As a child, having been born into slavery in 1843, John Sims was forced to train the bloodhounds his master used to track runaway slaves. When the Civil War began in 1861, the teenaged Sims escaped bondage in his native South Carolina and fled north. When he died 73 years later, Sims was a beloved and well-known figure on Capitol Hill, a friend and confidant of some of the most powerful men in Washington. Despite his impressive rise from the bonds of slavery to the corridors of power, he is largely forgotten today. That’s because John Sims wasn’t a powerful senator or a high-profile member of Capitol Hill staff—he was the Senate’s barber.1
Sims’s dangerous flight to freedom landed him in the town of Oskaloosa in southeast Iowa. He arrived with no funds and no marketable skills, but he managed to find work in a barbershop. An apprenticeship followed and soon he was earning a living as a skilled barber. Then, in the mid-1880s, came the first of two fateful senatorial encounters—when Iowa senator William Boyd Allison got a haircut.
Throughout the 19th century and well into the 20th century, many Senate jobs were filled through patronage. Senator Allison, who chaired the Appropriations Committee, had plenty of patronage to give. He brought Sims to the Senate, where the barber’s tonsorial talents gained recognition. Sims “knows the whims [and] the vanities” of the Senate, reported the New York Times. His skill with shears and razor kept him employed long after his patron was gone, but it was Sims’s weekend job and a second notable encounter that brought him to public attention.2
John Sims moonlighted as a preacher at the Universal Church of Holiness in Washington, D.C. One day in 1916, Ohio senator (and future president) Warren G. Harding sat in the barber’s chair. “Sims,” he said, “I’m coming down next Sunday to hear you preach.” A few days later, to the surprise of the entirely African American congregation, Senator Harding attended the service. “He walked in by himself,” Sims recalled, “and took a seat near the middle of the church and waited until I was through.” When the service ended, Harding thanked Sims and returned to the Capitol to spread the news of the preaching talents of the Senate barber.
A week later, Harding returned to the Universal Church of Holiness and brought several of his colleagues with him. As the years passed, more and more senators appeared. Vice Presidents Calvin Coolidge and Charles Dawes also attended. “From the North, from the South, from the East and the West they have come to hear me,” Sims explained. “And to think that I have come up from a lowly place of humility . . . to where I have the honor of preaching to those who are high in the nation’s affairs!” Sims insisted that he owed it all to Harding. “He started it all—and the Senators have been coming to hear me ever since.”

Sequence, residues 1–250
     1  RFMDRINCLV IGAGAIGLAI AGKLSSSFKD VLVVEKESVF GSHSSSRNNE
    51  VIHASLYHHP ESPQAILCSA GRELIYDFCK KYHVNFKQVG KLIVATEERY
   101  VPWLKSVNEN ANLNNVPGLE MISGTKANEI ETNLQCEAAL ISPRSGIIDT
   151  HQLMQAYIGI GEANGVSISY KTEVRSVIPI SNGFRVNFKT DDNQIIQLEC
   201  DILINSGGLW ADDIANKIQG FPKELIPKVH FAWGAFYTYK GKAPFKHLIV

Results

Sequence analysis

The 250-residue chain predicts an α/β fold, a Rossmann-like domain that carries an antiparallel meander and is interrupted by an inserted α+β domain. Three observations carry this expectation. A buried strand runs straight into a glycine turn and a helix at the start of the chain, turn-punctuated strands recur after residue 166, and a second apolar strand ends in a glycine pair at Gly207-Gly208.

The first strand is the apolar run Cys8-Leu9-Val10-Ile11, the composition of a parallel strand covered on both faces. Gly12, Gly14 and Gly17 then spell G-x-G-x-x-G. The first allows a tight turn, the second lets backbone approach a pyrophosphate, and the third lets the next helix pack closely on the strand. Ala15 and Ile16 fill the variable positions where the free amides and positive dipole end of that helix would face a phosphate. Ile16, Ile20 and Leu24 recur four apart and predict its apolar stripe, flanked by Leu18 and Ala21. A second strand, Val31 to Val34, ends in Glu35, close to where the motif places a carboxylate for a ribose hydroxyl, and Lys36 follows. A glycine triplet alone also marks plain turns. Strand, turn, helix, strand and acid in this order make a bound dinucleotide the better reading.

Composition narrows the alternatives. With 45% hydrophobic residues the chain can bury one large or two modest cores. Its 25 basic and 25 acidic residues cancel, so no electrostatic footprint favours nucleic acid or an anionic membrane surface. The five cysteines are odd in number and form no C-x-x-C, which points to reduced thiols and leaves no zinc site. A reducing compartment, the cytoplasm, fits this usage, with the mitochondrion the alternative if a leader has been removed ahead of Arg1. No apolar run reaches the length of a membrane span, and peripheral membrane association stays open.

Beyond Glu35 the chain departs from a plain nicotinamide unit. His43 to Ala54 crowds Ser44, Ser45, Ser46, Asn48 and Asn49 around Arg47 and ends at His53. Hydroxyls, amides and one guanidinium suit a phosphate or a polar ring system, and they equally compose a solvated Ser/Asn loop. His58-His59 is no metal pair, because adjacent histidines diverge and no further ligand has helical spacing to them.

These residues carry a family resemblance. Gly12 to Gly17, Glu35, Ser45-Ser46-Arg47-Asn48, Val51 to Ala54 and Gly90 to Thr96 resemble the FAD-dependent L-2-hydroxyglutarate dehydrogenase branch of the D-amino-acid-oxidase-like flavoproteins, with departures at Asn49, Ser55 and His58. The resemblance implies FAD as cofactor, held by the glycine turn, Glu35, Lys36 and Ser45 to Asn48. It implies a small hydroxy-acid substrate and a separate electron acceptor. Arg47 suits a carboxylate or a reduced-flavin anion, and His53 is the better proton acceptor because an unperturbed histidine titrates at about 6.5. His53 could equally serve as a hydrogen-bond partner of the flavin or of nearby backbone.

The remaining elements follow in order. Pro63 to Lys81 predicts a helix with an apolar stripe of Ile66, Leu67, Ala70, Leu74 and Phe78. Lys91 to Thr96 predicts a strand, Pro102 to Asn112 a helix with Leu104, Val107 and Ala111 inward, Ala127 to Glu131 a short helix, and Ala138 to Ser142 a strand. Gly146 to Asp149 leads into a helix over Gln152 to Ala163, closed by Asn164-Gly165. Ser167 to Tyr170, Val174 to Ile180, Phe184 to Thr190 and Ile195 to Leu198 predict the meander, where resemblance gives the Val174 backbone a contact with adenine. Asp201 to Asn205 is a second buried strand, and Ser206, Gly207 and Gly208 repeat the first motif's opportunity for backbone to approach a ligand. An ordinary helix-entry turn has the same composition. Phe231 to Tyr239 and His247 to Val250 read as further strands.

The preaching barber became known as the “Bishop of the Senate.” His prayers, noteworthy for both length and fervor, also enlivened his official Senate duties. “[If] he thought the occasion required [it],” commented a reporter, Sims would “drop to his knees . . . in the midst of . . . a shave and pray with all his heart” for the senator sitting in his chair. In 1921, as the Senate prepared to vote for its next official chaplain, Senator Bert Fernald of Maine asked, “Can we vote for anybody who has not been placed in nomination?” With an affirmative answer to his question, he cast his vote for John Sims, although the post went to the Reverend Joseph J. Muir.3
Bishop Sims was strictly nonpartisan and loyally supported all of his patrons at election time. When two of his favorite Senate clients—Democrat Joseph T. Robinson of Arkansas and Kansas Republican Charles Curtis—competed for the vice presidency in 1928, Sims fervently prayed for each to win their party’s nomination. His prayers were answered. The two men faced each other in the general election. “Who are you for [now],” Robinson asked the barber, “myself or Senator Curtis?” “I prayed for your nominations,” Sims replied diplomatically, but now “you gotta hustle for yourself.”
John Sims achieved success, as barber and as preacher, but one cherished goal remained elusive—to pray in an open session of the Senate. “Sims cannot die happy unless he has had at least one chance to shrive the Senate,” reported the Baltimore Sun in 1928. “For many years he has been longing to be allowed to open one of the Senate sessions with a prayer.” That year, it looked as if the 85-year-old preacher’s wish would finally come true. With the second session of the 70th Congress set to convene in December, a senator pledged to invite him to give the daily prayer, but no record of such an occasion has been found. It seems that wish remained unfulfilled.4
Rising from slavery to become friend and confidant of senators, vice presidents, and presidents, John Sims remained on duty in the Senate barbershop until his death at age 91. Even after he retired from active barbering and served only as supervisor, he reported to work every day, preaching to the Senate community. Eventually, age and illness took their toll and kept Sims away from the Capitol, prompting senators to visit him at his home where they could still count on his advice and encouragement. “Don’t you worry,” Sims reassured Minnesota senator Henrik Shipstead during one of his visits to the sickbed, “I will be back in the barbershop in a couple of days.” When Sims passed away on March 29, 1934, Shipstead echoed many of his colleagues when he described the preaching barber as “the most beloved and popular man on Capitol Hill.”5
A reporter once asked Sims to explain the secret of his popularity among senators. I’m just “shaving and saving,” Sims responded. Give a good shave, and always preach salvation.6
5. “Bishop Sims,” South Carolina Genealogy Trails, accessed April 26, 2021, http://genealogytrails.com/scar/bio_bishop_sims.htm.